The Outsiders Lesson 10: Movies, Motives, and Mindfulness

Contributor: Kristen Gardiner. Lesson ID: 10928

What is a hero? Writers write about heroes, but did you ever think of a writer as a hero? S.E. Hinton broke ground in writing The Outsiders. Tie together what you've learned from Pony and the others!


Literary Studies

learning style
personality style
Golden Retriever
Grade Level
Middle School (6-8)
Lesson Type
Dig Deeper

Lesson Plan - Get It!


Is this what comes to mind when you think of the word "hero"?

What really constitutes a hero?

Look up the word "hero" in the Merriam-Webster online dictionary, and copy the definition that best fits your understanding in your reading journal.

Can using a talent — such as writing — to make a statement about social issues make a person a hero? Discuss this with your parent or teacher.

S.E. Hinton took writing to a new level when she wrote The Outsiders at the age of 15. This was the first time in contemporary literature when real teen issues were being addressed, but did the book contribute to any solutions? Take a moment to watch the first five minutes of this biography, S. E. Hinton Biography, Part 1 of 2:


  • According to the video, why did Hinton write the novel?
  • What were some of the controversies over the novel when it was published?
  • Why do you think parents didn't want their children reading about the very issues many of them were living every day?

Read "S. E. Hinton and the Y. A. Debate," published in The New Yorker magazine. We see there is controversy today over who should read the book, but there is still a sense that many still don't get the gist, or meaning, behind the book.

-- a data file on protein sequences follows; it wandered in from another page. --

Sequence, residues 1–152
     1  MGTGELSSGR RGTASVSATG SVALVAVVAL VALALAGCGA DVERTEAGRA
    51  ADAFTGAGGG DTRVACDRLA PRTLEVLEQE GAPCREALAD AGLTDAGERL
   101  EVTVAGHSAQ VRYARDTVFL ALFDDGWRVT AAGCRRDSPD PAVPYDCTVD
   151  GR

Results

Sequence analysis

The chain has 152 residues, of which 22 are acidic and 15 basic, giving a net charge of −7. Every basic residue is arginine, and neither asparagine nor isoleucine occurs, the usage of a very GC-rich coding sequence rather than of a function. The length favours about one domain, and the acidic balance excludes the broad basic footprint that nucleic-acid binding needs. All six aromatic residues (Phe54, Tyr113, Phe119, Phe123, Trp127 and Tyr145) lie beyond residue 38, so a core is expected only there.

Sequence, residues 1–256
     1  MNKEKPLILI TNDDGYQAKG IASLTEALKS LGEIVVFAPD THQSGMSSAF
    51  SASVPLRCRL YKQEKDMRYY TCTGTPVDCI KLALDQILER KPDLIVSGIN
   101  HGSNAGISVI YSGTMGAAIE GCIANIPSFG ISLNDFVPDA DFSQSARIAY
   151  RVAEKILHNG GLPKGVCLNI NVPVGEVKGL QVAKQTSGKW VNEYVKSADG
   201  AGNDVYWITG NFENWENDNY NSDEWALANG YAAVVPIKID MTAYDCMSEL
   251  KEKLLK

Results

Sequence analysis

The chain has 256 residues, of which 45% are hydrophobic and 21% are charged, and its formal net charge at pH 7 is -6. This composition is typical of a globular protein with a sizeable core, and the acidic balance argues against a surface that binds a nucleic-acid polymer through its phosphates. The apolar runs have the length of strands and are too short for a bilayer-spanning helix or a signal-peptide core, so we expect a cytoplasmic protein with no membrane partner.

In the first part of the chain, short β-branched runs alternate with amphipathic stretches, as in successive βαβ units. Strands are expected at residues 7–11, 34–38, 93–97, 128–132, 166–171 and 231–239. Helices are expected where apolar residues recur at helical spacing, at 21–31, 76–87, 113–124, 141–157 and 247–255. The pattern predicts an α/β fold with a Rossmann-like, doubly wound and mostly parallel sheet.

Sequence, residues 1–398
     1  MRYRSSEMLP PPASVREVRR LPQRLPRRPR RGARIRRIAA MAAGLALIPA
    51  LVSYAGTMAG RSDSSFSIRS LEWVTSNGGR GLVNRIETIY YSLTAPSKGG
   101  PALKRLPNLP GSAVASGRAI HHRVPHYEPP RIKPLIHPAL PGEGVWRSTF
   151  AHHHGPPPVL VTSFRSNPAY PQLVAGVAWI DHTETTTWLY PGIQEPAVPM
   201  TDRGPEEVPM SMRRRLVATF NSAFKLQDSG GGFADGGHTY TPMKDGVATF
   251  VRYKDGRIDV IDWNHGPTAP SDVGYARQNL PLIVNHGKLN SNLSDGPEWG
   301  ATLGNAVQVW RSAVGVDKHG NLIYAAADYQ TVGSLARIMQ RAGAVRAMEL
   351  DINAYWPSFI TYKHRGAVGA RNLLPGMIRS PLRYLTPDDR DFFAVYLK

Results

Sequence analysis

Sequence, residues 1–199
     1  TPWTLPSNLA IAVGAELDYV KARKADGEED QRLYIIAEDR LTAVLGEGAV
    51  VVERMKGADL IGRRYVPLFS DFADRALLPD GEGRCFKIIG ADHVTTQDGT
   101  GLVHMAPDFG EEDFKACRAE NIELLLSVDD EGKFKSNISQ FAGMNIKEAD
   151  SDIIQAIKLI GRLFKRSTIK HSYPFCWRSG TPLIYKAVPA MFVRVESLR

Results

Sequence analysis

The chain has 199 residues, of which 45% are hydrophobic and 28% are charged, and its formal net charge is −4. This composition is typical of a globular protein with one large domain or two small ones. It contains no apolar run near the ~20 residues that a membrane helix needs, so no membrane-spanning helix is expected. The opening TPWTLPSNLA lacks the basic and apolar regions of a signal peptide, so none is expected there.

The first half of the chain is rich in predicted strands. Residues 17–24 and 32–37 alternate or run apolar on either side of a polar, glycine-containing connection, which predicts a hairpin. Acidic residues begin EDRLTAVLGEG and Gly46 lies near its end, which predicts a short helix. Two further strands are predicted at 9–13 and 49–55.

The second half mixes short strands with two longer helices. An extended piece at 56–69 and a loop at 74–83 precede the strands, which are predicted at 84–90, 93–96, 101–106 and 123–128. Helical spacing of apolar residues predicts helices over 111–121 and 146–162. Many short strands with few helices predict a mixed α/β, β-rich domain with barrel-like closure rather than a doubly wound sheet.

Look over this interview from The Outsiders Fan Club on

Do you see S. E. Hinton as a hero for bringing these topics to light?

Take some time to answer the following questions in your reading journal, based on three major themes from the novel. Answer each question as thoughtfully and honestly as possible:

  1. Identity
    1. How do our interactions with others form our perception of identity?
    2. Why do stereotypes exist? How do we break them down — or is it even necessary to break them down?
    3. What is the value in recognizing stereotyping, both in our lives and in the text?
    4. How will our experiences with these terms build our identity?
  2. Social Justice and Empathy
    1. How do our choices affect the challenges in our lives?
    2. Why are other people's challenges harder to see than our own?
    3. How do we help others? How do we help ourselves?
    4. What is the value of recognizing and confronting the challenges in our lives?
    5. How do our own experiences help us build empathy for others?
  3. Family Relationships and Dynamics
    1. What is a family?
    2. What is the value of creating family around us?
    3. How do our experiences with family affect our lives?

To what extent, if any, did the novel help you understand these themes?

Now, take a moment to think about how you honestly feel after having read the novel. Would you recommend this novel to a friend or family member? Why or why not?

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